\begin{equation*} \sigma _p = \sum _{i=1}^{4} N_i \sigma _i \end{equation*}

Where \(\sigma _i\) is the stress at the Gaussian point (which was found using the direct method based on the full \(8\) shape functions of the main element).

In the above, \(N_i\) are the shape functions used for extrapolation. These are not the same shape functions used in the original element. These shape functions are based on \(4\) node Gaussian element and are given by

\begin{align*} N_1 &= \frac{1}{4}(1-r)(1-s) \\ N_2 &= \frac{1}{4}(1+r)(1-s) \\ N_3 &= \frac{1}{4}(1+r)(1+s) \\ N_4 &= \frac{1}{4}(1-r)(1+s) \\ \end{align*}

For example, to ﬁnd the stress at point \((\xi ,\eta )=(0,-1)\), the ﬁrst step is to determine this point’s \((r_p,s_p)\) coordinates. Since \(r_p=\sqrt{3}\xi \) then \(r_p=0\) and since \(s_p=\sqrt{3}\eta \) then \(s_p=-\sqrt{3}=\). Applying the extrapolation formula above gives

\begin{align*} \sigma _p &= \left ( \frac{1}{4}(1-r_p)(1-s_p) \right )\sigma _1 + \left ( \frac{1}{4}(1+r_p)(1-s_p) \right )\sigma _2 + \left ( \frac{1}{4}(1+r_p)(1+s_p) \right )\sigma _3 + \left ( \frac{1}{4}(1-r_p)(1+s_p) \right )\sigma _4 \\ &= \left ( \frac{1}{4}(1+\sqrt{3}) \right )\sigma _1 + \left ( \frac{1}{4}(1+\sqrt{3}) \right )\sigma _2 + \left ( \frac{1}{4}(1-\sqrt{3}) \right )\sigma _3 + \left ( \frac{1}{4}(1-\sqrt{3}) \right )\sigma _4 \\ &= 0.6830127 \sigma _1 + 0.6830127 \sigma _2 -0.1830127 \sigma _3 -0.1830127 \sigma _4 \end{align*}

Since the stresses at four Gaussian points \(\sigma _i\) are known, the stress at the point \(p\) is now found from the above. The above method was found to produce more accurate result for \(\sigma _p\) than using the direct method to ﬁnd \(\sigma _p\) and the result found for the stress at the nodes agreed with those found by ANSYS.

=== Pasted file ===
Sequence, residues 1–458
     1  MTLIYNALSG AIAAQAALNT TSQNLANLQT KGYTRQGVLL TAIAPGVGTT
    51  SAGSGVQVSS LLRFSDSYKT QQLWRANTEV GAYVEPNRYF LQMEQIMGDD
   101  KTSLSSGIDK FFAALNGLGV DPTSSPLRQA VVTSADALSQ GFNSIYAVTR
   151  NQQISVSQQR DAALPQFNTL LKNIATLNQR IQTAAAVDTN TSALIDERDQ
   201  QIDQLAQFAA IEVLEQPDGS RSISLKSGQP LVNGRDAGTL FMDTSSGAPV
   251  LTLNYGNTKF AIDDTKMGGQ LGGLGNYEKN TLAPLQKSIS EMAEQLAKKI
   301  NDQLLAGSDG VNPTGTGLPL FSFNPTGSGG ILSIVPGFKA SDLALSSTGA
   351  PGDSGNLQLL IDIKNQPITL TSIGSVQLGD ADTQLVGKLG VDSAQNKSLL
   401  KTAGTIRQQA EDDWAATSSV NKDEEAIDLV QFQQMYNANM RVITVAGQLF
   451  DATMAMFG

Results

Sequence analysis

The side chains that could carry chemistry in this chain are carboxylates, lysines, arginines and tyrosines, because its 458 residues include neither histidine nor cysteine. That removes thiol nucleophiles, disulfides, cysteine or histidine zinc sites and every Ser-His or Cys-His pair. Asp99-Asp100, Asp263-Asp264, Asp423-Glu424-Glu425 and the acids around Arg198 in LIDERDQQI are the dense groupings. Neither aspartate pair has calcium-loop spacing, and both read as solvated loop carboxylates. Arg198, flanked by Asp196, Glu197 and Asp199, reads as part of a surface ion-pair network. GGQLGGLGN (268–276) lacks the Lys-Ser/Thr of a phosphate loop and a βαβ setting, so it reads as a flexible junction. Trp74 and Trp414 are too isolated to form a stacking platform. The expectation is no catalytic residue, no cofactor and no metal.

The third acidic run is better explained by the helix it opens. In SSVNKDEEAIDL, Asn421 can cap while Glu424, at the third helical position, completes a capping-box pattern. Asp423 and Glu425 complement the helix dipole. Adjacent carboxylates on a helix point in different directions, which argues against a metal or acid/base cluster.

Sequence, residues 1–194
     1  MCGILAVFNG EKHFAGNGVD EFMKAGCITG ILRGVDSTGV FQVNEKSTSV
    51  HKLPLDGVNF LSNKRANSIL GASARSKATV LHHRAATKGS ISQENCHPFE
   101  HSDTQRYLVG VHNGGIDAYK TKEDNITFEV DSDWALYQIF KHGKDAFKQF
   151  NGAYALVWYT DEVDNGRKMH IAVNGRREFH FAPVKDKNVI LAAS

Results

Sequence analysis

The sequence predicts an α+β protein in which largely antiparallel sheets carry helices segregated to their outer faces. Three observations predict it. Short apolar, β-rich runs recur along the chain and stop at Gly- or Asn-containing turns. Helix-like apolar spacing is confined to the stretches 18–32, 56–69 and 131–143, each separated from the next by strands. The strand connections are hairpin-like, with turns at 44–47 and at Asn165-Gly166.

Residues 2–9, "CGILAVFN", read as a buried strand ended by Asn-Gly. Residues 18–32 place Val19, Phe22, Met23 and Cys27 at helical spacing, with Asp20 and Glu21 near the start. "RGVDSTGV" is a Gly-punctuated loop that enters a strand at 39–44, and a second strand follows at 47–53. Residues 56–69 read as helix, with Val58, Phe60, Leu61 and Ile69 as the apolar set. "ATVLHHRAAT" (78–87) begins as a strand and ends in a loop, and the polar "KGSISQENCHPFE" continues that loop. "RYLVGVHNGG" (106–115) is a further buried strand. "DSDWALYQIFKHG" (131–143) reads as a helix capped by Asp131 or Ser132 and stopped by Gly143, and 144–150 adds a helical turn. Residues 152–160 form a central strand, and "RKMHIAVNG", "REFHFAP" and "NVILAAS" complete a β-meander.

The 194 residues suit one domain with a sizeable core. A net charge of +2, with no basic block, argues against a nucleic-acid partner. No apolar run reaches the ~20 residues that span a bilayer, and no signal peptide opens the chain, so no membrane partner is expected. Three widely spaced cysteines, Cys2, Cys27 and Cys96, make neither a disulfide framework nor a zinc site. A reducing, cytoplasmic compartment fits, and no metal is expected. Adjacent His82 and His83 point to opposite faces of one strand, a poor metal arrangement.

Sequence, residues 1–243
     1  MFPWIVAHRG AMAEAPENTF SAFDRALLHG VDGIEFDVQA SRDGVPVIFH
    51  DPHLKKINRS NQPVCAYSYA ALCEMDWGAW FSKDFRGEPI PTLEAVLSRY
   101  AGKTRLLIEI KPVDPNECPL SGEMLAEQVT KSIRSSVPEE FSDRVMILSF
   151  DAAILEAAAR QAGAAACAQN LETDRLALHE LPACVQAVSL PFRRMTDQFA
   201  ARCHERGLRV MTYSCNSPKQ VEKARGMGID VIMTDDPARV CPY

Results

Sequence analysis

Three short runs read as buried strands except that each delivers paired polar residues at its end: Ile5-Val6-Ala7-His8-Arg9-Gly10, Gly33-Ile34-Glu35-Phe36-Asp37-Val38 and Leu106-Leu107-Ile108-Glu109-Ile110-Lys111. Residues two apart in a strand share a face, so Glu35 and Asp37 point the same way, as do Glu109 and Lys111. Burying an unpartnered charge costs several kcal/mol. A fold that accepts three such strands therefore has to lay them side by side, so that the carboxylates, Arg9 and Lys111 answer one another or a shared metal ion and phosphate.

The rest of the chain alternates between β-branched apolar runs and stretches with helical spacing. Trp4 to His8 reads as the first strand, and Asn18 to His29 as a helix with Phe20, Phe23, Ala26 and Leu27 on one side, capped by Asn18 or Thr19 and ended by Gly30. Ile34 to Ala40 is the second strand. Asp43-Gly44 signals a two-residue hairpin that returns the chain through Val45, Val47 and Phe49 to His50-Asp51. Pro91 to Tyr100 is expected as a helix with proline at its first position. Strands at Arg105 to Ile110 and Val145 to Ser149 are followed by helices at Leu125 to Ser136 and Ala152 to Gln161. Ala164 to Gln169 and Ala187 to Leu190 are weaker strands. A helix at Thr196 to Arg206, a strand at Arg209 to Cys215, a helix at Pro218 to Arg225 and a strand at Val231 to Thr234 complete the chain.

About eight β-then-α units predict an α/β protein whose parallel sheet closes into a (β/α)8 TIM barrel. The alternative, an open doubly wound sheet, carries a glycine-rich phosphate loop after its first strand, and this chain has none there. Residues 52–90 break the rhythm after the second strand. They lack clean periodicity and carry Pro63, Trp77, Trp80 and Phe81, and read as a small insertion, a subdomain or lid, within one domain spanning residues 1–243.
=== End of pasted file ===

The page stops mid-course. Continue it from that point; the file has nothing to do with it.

The following diagram shows the \((r,s)\) coordinates of all the element points used to calculate the stresses at using this method. A total of \(13\) points was used per element. These are the \(8\) nodes of the element, and also the center of the element and the Gaussian points themselves giving a total of \(13\) points. These are used to generate the stress contour. This was done for both elements. The generated stress contour agreed with ANSYS results.

The results are listed by the angle \(\theta \) used to distort the elements with. For each angle, the deﬂection and \(\sigma _x\) stress contour and tables are generated using Matlab and also using ANYS to compare with side by side.

The following angles are used (in degrees) \(\{0,15,30,45,50,55\}\). When trying to use \(60\) degrees distortion, ANSYS complained and gave number of computational error messages relating to the element shape. It is not clear why ANSYS did not accept such large angle, since the Matlab implementation worked. But since ANSYS did not produce result for this case, the angle \(55\) degrees was the maximum distortion used for both Matlab and ANSYS.